Saturday, May 5, 2012

Hollow Health Reform Promises

We are the hollow men
We are the stuffed men
Learning together
Hairpieces filled with straw. Alas!

T.S. Eliot (1888-1965), The Hollow Men (1925)

May 5, 2012 -  “Hollow,” according to my dictionary, means having an empty space, or only air within it, having a cavity inside, not solid.

At this point,  the promises of the Patient Protection and Affordable Care Act, seem hollow.   

The promises await Supreme Court decisions in late June and the election in early November.

The big promises, as implied in the name of the Act are:

  •   Patient protection 
  • Affordable care

More specifically, the promises, some immediate, some delayed until 2014 and beyond,  were:

  • P{remium   Cost savings of $2500 per family by 2016
  • 32  million more uninsured covered through  Medicaid in 2014
  • Coverage for children under 26 under their patients’ policies
  • Federal subsidies for those falling below poverty line after 2014
  • Discounts for seniors falling into the Donut Hole
  • ·Coverage for those with pre-existing illness
  •   Coverage for all but 23 million Americans
  • ·         All for $940 billion through 2020
Some of these promises, called "sweeteners" by critics,  have been fulfilled. Others await 2014 and beyond.   

What promises are hollow?  Some fall short of reform goals, as articulated by then-senator Barack Obama in 2008, “ Here are my goals – reduce costs, increase quality, coverage for everybody.”  

To date, the ACA does not do any of these things, at least not  in the 2 years since passage of the ACA.  

Costs are rising,  quality in the eyes of patients and doctors is failing,  and people are losing coverage as employers drop coverage.

·          The  overall costs, as estimated by the government itself, are likely to be $1.76 trillion to $2.3 trillion from 2014-2024.

·         It was based on the promise that the government would spend $940 billion  on vast new entitlements and save the taxpayers money.

·         It will collect more than $500 billion in new taxes and take $575 billion out of Medicare to pay for Medicaid expansion.

·         It fails on the promise made by President Obama in a speech before the AMA on June 15, 2009, “No matter how we reform health care, we will keep his promise: If you like your doctor, you will be able to keep your doctor, Period. If you like health plan, you will be able to keep your health plan. Period. No one will take it away. No matter what.”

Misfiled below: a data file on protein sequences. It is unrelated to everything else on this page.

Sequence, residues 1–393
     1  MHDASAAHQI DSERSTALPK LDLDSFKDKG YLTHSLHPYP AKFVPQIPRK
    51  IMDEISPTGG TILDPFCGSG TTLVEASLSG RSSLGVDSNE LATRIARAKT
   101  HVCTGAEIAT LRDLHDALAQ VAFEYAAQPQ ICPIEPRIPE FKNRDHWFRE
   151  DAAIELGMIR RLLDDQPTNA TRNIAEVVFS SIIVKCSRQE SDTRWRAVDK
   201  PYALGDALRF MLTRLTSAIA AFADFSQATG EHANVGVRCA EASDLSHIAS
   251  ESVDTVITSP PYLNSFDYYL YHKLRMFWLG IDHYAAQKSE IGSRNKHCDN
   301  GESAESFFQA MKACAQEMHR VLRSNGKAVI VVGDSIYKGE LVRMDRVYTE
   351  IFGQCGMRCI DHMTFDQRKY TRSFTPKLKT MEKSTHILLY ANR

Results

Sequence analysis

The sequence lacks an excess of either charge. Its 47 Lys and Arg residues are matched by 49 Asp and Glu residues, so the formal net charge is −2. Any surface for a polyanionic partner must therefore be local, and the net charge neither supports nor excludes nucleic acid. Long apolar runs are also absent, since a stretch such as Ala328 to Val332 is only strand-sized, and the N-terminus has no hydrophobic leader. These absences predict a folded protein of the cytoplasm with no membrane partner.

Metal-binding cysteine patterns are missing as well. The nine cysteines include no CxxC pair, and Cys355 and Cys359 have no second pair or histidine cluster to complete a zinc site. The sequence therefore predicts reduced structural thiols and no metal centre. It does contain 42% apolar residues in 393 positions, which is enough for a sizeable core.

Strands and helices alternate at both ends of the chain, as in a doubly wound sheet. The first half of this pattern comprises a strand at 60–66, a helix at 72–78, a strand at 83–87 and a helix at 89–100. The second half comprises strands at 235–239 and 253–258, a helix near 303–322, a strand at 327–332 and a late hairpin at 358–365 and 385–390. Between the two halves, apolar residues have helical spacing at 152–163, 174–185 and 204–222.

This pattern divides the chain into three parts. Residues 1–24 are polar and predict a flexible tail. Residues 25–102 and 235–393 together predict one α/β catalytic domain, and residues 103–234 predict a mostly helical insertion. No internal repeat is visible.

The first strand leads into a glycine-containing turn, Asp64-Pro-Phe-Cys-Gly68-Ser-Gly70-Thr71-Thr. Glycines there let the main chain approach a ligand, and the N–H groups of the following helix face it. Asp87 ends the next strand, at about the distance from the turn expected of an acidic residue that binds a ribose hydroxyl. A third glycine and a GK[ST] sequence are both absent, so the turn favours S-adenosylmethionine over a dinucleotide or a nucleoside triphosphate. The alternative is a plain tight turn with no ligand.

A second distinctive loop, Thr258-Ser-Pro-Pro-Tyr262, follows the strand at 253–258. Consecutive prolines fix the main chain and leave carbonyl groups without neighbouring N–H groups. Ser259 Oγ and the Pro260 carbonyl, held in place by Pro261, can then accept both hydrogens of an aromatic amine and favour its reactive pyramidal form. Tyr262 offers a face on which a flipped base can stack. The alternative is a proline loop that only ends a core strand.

“No matter what” is happening.   More doctors no longer accept Medicare or Medicaid patients, and more businesses, large and small, are dropping or thinking of dropping coverage because of bureaucratic costs and uncertainties of government-approved plans.

Am I saying President Obama made hollow promises or is an hollow man?    

Of course not.   President Obama undoubtedly  thought government, under his leadership,  could fulfill his promises.  He simply misunderstood or misread the American culture in a center-right nation.  At his core, which is not hollow, he has said, “If I were designing a system from scratch, I would probably go ahead with a single-payer system.” 

Single-payer was not to  be, so he did the next best thinghelped Congress . He pressed  a government-controlled centralized system under questionable circumstances  with parliamentary gimmickry without a single Republican vote in the House or Senate.  

Unfortunately, by doing so,  he poisoned the political process- created the Tea Party,  animosity among suspicious  seniors,   and opposition among the American people and  the other two branches of government,  who distrust  overly ambitious executive branch.

TweetHealth reform goals - lower costs, higher quality, expanded access – look hollow but 2014  is 2 years away when they were to become reality.

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